Billy Crystal’s tribute to his friend Robin Williams was the highlight of last night’s Prime Time Emmys. What makes me proud is that Crystal’s memory of Robin was in my home baseball stadium, Shea Stadium. I’m a Mets fan, so it hit me right in the gooey part of my heart. The tribute segment is above. The Shea Stadium moment that Crystal refers to is below.
It has recently come to my attention that Mork and Mindy was filmed in Stages 26 and 27 on the Paramount Studio lot, only a holler away from the building where I currently work. I’m sitting there now, writing on the sly, banging out these words during a few moments of down time. Happy Days and Laverne and Shirley were also filmed here – shows that are part an echo, lost in time. Back then, I was in middle school three thousand miles away in New York learning about earthworms in science class. I had a mad crush on John Ritter, and religiously watched Three’s Company, daydreaming of a life where I could move to Hollywood and walk along the sandy sunny beach of Santa Monica. That dream has come true, but it took a long time getting here. Sadly, John Ritter had departed by the time I arrived.
Last night’s tribute to Mr. Williams at the Prime Time Emmy Awards brought back more pain over the loss of this sweet, funny soul. As a fan of alternative comedy, and a past student at the New York training center of the Upright Citizens Brigade, I grew snobbish over the old guard of comedian who once inspired me: David Letterman, Billy Crystal, Jerry Seinfeld…Robin Williams. My turmoil over Robin’s death is complicated for me. You see, in the last several years, just hearing that Robin would be a guest on a talk show would make my eyes roll. Yes, I’m terrible sad in this admission. The frenetic, one hundred miles an hour speed of his speech, once exhilarating, was now exhausting. I’ve come close to the world of comedians, and easily realized that depression and insecurity runs their lives amok. It exists with comedian’s Twitter feeds that are mostly snarky quips in the guise of another persona, and it’s palpable in interviews where personal, hard-hitting questions get diverted with jokes and characters. The funny is that crunchy hard shell comedians in which they swath themselves. It keeps people from getting too close, and from getting inside. Robin seemed to have that hard protective coating for days. It was hard to get answers from him; yet, when you did, it was a glorious, sweet realization about life shining with lovely pearls of wisdom. “Ah…”, I thought. “That’s the Robin I would love to see more.” He even said himself that his recent heart surgery made him depressed because they literary cracked him open and opened up his heart. That must have been horrendous for someone whose soul was in pain.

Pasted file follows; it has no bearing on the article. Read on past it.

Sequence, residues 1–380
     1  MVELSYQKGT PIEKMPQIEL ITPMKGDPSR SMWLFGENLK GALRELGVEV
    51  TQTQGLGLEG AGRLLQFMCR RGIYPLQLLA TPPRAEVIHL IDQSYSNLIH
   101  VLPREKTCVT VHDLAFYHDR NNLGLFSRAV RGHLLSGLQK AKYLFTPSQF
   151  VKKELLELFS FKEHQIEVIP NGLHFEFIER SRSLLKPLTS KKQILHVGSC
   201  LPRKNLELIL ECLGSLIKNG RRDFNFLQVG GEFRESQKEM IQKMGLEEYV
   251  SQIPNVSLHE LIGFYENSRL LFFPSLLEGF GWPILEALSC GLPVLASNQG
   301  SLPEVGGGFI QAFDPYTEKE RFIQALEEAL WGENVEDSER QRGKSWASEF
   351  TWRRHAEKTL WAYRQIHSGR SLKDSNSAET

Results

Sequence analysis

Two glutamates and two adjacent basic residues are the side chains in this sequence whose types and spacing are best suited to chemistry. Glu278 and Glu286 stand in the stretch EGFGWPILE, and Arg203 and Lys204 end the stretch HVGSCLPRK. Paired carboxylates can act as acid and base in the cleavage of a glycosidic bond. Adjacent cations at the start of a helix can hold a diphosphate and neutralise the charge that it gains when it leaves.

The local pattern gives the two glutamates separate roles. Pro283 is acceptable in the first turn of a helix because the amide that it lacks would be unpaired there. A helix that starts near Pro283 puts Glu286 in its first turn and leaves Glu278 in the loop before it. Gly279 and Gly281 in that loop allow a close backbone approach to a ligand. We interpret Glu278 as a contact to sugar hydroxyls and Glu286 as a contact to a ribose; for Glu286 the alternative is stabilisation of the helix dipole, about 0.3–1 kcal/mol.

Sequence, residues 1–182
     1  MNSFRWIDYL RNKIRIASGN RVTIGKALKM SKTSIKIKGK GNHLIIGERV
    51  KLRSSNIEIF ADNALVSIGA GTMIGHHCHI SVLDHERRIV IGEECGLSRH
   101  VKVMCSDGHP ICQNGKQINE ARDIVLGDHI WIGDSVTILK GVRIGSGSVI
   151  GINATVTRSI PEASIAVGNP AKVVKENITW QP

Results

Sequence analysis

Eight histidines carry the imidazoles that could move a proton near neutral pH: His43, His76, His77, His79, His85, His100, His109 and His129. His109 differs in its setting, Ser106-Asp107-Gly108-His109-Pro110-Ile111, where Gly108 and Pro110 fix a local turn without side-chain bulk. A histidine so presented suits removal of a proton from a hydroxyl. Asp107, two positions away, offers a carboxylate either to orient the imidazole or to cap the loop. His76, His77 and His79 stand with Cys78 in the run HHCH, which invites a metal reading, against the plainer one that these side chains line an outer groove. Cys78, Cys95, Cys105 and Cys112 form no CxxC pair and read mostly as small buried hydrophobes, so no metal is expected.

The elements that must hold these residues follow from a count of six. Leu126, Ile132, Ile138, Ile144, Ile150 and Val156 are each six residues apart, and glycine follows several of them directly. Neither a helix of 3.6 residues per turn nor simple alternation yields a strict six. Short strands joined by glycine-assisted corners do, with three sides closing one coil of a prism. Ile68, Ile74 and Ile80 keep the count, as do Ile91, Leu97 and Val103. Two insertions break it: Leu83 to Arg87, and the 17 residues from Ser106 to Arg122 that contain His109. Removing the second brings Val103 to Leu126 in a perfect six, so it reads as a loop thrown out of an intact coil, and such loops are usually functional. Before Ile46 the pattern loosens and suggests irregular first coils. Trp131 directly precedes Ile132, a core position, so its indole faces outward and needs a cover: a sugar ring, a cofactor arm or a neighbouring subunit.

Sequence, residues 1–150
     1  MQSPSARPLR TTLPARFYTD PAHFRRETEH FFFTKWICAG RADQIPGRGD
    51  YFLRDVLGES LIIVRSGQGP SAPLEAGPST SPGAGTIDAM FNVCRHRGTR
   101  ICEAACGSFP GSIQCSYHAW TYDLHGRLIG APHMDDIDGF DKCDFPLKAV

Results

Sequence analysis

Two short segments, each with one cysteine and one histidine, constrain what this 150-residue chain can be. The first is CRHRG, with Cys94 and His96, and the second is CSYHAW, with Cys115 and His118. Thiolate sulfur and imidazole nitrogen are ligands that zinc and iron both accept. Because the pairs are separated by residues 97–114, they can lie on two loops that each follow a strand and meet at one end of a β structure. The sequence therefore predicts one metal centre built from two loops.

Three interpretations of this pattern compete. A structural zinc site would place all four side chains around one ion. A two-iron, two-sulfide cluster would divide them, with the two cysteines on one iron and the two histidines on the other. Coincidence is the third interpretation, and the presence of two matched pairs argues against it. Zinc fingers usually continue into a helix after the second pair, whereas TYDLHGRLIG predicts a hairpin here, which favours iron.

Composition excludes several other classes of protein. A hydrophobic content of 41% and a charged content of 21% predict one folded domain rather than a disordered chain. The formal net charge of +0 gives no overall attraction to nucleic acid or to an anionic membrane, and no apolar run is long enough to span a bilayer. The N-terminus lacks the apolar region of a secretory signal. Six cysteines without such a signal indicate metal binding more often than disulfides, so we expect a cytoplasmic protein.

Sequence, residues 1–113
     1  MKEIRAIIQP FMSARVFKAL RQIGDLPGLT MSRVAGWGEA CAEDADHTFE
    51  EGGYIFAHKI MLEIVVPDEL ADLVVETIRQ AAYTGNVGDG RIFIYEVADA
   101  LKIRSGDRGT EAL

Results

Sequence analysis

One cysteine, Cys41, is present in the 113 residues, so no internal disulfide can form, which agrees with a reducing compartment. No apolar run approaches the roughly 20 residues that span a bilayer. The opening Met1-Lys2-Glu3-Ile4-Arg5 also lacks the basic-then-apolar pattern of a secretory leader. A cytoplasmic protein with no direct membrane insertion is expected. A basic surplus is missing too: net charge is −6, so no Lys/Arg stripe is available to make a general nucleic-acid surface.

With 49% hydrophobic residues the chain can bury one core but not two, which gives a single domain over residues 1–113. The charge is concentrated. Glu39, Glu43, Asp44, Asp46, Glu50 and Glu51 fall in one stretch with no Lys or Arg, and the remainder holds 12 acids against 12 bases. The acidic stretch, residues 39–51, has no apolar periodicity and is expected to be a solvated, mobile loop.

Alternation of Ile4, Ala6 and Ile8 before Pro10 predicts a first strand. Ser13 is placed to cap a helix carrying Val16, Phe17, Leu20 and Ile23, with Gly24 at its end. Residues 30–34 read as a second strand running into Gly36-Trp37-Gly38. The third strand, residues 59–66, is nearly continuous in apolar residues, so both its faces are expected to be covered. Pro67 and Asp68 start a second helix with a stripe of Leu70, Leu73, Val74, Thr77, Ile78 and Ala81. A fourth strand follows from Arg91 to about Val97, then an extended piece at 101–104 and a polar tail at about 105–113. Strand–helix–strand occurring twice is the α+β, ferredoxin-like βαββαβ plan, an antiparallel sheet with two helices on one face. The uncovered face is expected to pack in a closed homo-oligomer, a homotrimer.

I took him for granted when he was on this earth. I forgot the joy he gave me in The Fisher King and Hook. I forgot the life changing moments in Dead Poet’s Society. I forgot the wonderful evening I spent so many years ago when I attended a Saturday Night Live Dress rehearsal when he was host. (He was always on – even during the commercial breaks).
There’s this old song entitled For a Dancer by Jackson Browne that says it best:
“You were always dancing in and out of view. I must have always thought you’d be around. Always keeping things real by playing the clown. Now you’re nowhere to be found.”